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How to Fix a VOX Valvetronix Speaker That Is Cutting Out

Excessive noise reduction on your Valvetronix can result in choppy sound.
amplifier image by Darko Draskovic from Fotolia.com

The VOX Valvetronix speaker, or amplifier, features sophisticated modeling technology -- meaning the amp is designed to emulate the sounds of popular guitar amplifiers, such as the VOX AC30 -- that uses solid state circuitry along with a vacuum tube to help create the warmth of a classic tube amp. While the VT15, VT30, VT50 and VT100 feature various effects and amp models, they do have one common feature: noise reduction, which is useful for reducing hum from a given instrument plugged into the amplifier. If your Valvetronix is cutting out, it is most likely to due to excessive noise reduction, which will not only cut the hum, but cut the sound coming from your instrument.

Plug the guitar cable snugly into the input jack on the top left of the amplifier (make certain you are using a cable that is in good working condition). Turn up the "Power Level" knob on the back of the amplifier to the half-way point. Turn the amplifier on. Turn up the "Gain," "Volume" and "Master" knobs to about a quarter of the way. Turn the “factory settings" knob to one of presets (it doesn't matter which). Strum a few bars. If your guitar is still cutting out, then you will need adjust the noise reduction or restore the amp to factory settings.

Press the "BYPASS" switch. The bypass lead light will turn red. Hold down the "TAP" button and turn the "EDIT" knob to the left to lower the noise reduction level. Turn the knob to the right to increase the noise reduction; if you turn it too far to the right, you will most likely hear the sound cutting out — which will be especially evident when using a particular effect, such as delay. Strum the guitar to hear how the adjustments are affecting the sound. Press the "BYPASS" switch again once you have found a level of noise reduction where the sound is no longer cutting out. You still might hear a little guitar feedback hum, but at least the primary sound you want coming from the speaker won't be cutting out.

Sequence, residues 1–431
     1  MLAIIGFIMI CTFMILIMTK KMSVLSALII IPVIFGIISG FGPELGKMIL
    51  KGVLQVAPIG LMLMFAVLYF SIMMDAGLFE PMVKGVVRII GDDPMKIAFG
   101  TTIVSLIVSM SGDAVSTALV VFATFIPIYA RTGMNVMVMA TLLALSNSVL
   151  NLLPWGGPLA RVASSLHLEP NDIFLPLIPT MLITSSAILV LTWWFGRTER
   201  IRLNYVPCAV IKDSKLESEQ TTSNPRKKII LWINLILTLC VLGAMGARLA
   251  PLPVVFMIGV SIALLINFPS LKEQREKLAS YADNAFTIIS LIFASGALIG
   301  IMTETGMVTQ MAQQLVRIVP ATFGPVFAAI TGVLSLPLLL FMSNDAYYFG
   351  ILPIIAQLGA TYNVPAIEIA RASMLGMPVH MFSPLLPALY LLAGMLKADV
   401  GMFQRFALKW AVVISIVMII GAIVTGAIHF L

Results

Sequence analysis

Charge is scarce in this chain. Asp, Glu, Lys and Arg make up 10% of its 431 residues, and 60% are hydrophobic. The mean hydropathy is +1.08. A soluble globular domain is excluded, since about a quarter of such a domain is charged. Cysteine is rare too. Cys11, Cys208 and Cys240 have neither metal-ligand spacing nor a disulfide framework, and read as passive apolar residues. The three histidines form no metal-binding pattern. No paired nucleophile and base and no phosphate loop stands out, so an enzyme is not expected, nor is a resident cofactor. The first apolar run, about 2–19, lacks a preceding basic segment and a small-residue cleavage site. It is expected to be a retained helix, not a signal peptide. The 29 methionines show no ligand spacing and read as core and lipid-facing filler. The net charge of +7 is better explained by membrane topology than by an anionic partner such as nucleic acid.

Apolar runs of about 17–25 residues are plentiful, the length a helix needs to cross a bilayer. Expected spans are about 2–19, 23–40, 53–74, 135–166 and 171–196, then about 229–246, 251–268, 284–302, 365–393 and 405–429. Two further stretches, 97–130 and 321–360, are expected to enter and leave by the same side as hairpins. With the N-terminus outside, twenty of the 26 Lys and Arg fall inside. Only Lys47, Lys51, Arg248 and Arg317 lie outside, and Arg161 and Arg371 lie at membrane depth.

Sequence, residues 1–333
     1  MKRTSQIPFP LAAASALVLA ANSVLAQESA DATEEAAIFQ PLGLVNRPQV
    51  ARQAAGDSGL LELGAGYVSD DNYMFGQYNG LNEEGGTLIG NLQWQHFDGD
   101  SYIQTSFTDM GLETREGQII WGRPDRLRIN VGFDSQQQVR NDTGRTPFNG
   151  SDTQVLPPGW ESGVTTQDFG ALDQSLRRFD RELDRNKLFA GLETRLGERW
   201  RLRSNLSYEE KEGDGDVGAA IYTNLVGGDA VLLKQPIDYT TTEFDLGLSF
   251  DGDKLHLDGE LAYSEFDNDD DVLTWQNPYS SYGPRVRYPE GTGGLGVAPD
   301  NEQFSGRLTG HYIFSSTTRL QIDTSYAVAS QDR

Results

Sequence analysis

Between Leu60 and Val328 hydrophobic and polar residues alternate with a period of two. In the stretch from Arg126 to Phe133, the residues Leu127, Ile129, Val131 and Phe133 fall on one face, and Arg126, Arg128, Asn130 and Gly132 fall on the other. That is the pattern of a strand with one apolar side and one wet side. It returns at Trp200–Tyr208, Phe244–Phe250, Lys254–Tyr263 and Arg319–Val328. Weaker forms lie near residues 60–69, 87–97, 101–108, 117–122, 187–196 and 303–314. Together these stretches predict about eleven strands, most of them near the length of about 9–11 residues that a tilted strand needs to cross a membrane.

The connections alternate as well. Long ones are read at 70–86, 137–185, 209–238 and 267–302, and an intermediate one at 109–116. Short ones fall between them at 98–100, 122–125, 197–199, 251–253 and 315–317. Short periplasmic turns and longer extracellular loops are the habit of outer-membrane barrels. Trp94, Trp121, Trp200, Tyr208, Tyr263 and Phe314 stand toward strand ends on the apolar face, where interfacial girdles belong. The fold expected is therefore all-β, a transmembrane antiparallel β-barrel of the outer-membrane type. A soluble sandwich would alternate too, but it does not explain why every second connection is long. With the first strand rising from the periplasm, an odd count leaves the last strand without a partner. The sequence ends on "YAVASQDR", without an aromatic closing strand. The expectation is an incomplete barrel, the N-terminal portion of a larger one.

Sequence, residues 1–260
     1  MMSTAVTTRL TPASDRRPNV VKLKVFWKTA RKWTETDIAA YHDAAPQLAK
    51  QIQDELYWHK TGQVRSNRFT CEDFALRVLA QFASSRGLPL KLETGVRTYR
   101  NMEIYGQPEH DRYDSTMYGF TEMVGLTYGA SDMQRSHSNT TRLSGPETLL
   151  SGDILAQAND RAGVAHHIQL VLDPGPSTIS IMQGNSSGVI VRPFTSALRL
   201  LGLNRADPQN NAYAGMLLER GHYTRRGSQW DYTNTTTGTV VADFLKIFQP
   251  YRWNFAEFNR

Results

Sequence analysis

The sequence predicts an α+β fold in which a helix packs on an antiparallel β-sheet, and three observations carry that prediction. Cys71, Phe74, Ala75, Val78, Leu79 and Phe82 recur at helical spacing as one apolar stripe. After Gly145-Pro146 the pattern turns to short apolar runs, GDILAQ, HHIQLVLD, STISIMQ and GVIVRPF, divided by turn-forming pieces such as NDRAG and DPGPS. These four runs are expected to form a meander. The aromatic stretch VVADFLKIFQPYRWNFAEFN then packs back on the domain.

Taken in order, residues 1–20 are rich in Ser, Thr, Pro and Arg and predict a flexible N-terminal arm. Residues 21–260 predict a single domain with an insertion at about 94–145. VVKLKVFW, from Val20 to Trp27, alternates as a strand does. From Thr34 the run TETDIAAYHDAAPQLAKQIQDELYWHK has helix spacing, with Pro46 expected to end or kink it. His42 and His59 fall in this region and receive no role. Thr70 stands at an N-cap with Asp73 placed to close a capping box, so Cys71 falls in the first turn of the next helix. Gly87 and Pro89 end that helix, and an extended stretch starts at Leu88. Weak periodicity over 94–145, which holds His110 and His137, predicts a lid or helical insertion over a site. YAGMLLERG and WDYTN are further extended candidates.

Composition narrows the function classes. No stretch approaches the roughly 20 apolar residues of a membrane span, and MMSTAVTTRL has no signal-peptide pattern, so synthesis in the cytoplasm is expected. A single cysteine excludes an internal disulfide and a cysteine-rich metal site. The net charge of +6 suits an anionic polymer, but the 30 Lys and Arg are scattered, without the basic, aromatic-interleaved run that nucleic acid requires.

Restore the amplifier back to the original factory settings, if needed. Hold down the CH1 and CH4 switches. Turn the amplifier back on — the "Bank" and channel LEDs will start blinking. Release the CH1 and CH4 switches. Press the "Bypass" switch, and the "Bank" and channel LEDs will stop blinking and remain lit. The amp will begin restoring itself to the original factory settings, which will take about 1 or 2 seconds. Do not turn off the power while this procedure is going on.


If your VOX is still cutting out after making these changes, you most likely have a faulty amplifier. VOX will repair the amp if it still under warranty; otherwise, you will have to bring the amplifier into a shop for professional repair.


  • Keep in mind that restoring the VOX to factory settings will delete all of your own presets.
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